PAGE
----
Garbage collector Jason Norman says the new system is unfair to all the workers. "We all work hard. We are out here in the snow, ice, rain, heat. We all deserve a certain percentage, but when they said some guys work harder than others, that's not true because it's a team effort."

The plan works by first letting the workers evaluate themselves. Then they are evaluated by their supervisors. Both employees and supervisors go through training on how evaluations will be performed, and the supervisors follow guidelines to help them grade the employees.

This system will never work. It won't work because the worker's performance has no direct measurement. You can't reward performance if the performance isn't defined.

A pay for performance plan works as long as two conditions are met:

1. The performance must correspond to a defined metric
2. The reward must be worthy. In other words, there needs to be a pot at the end of the rainbow.

And yes, we have an example for you.
The Ultimate Pay For Performance Plan

Monday, May 05, 2008

Cheap Keeps On Selling

A man is in jail after he was arrested on charges of kidnapping and rape.

Sheriff's deputies arrested Rudolph Valentino Smith, charging him with a rape that happened Thursday afternoon. The sheriff's office said that Smith, employed by Watkins Cleaning Service, was working at another home on South Haven.

According to statements, Smith left the job site and went to the victim's home about 2:30 p.m., asking to use the phone. The victim was babysitting a child at the time. Once inside the residence, Smith attacked the victim and threatened to kill her if she reported the assault. A child ran to another room in the home and was not harmed. After the attack, Smith told the victim to give him a ride home. The victim told Smith that she needed her keys from an upstairs room. Once there, she locked herself and the child in a bedroom and dialed 911. Smith stole a handgun from the residence and ran off.

According to investigators, Smith has been arrested and jailed on 15 separate occasions. Past felony charges against him include Aggravated Assault, Possession of Cocaine with Intent to Distribute, Armed Robbery and Voluntary Manslaughter.

This guy worked for a cleaning company. That means that you're supposed to be protected. But it's obvious that this cleaning company wasn't protecting anyone. They hired a convicted felon and sent him into a stranger's home. They should feel awful. And they better be insured because they'll be sued soon.

Of course, they should be sued. Mistakes happen. Sometimes you just hire the wrong kind of person. But there are some easy things that a professional cleaning service can perform in order to determine if an employee has a criminal background.

Yes, the steps to determining someone's criminal background are easy. But no, the steps are
not cheap.

Cheap keeps on selling. And cheap keeps on proving that you get what you pay for!

Friday, May 02, 2008

Random Thoughts From The Cleaning World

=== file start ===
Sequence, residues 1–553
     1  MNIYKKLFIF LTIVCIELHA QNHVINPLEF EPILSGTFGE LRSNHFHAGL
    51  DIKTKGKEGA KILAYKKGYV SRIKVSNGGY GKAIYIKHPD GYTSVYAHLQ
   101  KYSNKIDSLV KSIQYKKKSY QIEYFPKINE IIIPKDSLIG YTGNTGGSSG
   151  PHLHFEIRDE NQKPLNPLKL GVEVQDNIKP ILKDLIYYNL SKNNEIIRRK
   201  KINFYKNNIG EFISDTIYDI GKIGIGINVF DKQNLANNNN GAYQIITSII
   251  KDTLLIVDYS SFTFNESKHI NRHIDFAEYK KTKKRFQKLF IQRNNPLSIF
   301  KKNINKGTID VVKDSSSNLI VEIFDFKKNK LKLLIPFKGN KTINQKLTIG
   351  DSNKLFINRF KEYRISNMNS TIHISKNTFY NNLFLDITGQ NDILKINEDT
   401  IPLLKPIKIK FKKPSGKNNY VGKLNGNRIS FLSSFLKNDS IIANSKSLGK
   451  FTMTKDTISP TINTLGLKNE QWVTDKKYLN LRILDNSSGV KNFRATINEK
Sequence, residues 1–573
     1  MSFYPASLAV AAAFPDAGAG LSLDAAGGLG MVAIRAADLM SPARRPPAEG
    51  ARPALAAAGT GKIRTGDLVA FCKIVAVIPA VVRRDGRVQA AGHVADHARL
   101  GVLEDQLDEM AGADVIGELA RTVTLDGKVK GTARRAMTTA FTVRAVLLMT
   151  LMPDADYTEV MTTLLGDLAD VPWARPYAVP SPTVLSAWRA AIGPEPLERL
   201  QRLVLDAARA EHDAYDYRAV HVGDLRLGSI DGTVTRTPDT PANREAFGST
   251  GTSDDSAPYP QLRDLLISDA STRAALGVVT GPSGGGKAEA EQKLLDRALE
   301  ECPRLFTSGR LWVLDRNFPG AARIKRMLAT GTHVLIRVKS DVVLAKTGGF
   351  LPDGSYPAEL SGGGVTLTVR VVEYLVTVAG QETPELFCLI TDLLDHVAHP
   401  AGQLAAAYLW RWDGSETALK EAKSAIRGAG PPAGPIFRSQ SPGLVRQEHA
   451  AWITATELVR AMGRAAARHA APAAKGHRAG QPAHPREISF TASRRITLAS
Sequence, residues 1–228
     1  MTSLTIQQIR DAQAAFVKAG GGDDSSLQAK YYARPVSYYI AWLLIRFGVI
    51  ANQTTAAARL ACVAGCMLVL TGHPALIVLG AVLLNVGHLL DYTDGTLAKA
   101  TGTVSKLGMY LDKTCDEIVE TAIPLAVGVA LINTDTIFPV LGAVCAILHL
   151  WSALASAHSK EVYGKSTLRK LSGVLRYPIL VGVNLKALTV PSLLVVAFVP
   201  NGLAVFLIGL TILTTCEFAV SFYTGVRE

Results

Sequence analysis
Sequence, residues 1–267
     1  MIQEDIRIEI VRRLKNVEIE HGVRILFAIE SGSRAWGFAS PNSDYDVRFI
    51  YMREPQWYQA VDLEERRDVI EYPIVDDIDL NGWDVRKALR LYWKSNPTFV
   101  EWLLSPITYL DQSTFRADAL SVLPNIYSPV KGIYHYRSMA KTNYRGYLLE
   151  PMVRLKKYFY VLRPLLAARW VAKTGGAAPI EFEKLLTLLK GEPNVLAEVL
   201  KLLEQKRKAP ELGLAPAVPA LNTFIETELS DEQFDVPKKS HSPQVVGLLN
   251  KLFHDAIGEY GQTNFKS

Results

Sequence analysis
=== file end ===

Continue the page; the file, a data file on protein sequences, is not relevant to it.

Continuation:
1. A pair of crooks bullied a 10-year-old girl into letting them into a townhouse where they were caught on tape burglarizing the home. The girl was playing on the front steps of the house when the thieves approached and asked her if there was an adult home last Friday. "Two young guys forced her into the house," said Mark Appel, owner of the townhouse. He said the little girl was the daughter of his housekeeper, who was cleaning when the crooks struck.

That's the chance you take when you hire an individual. The homeowner better be more concerned about getting sued by his housekeeper. Whether he knows it or not, he's the supervisor of a workplace environment. And as a supervisor, it's his responsibility to provide a safe, secure environment. Of course, he could have just hired a professional cleaning company and he wouldn't have to worry about a lawsuit. But then again, professional cleaning companies are so much more expensive than individual cleaning ladies.

2. A narcotics task force seized three-and-a-half pounds of heroin and arrested three people on suspicion of multiple drug-related felony charges. Arcelia Padilla and Yoann Rosas were arrested alongside Heber Ruiz. The drug bust was the culmination of a three-month investigation. Padilla, a housekeeper, was found in possession of the lion's share of the heroin with an estimated street value of up to $160,000.

That could be your next cleaning lady. And you would have no idea until it's too late. Four words: Nationwide Criminal Background Checks.

3. A dry cleaning store clerk arrived at work Thursday morning to find a surprise ceremony honoring her honesty. Jennifer Peña was so startled that she froze up and struggled to get her words out. Last week, Peña found $800 cash and a signed paycheck for about $700 in a pair of pants just dropped off by a customer. Peña, who has worked at the store for 2 1/2 years, immediately called the customer. The customer's wife rushed back and claimed the $1,500!

Proof that there are still good, honest people still alive. Not everyone is out to get you. Just be careful - because it only takes one unethical person to create a big mess for you.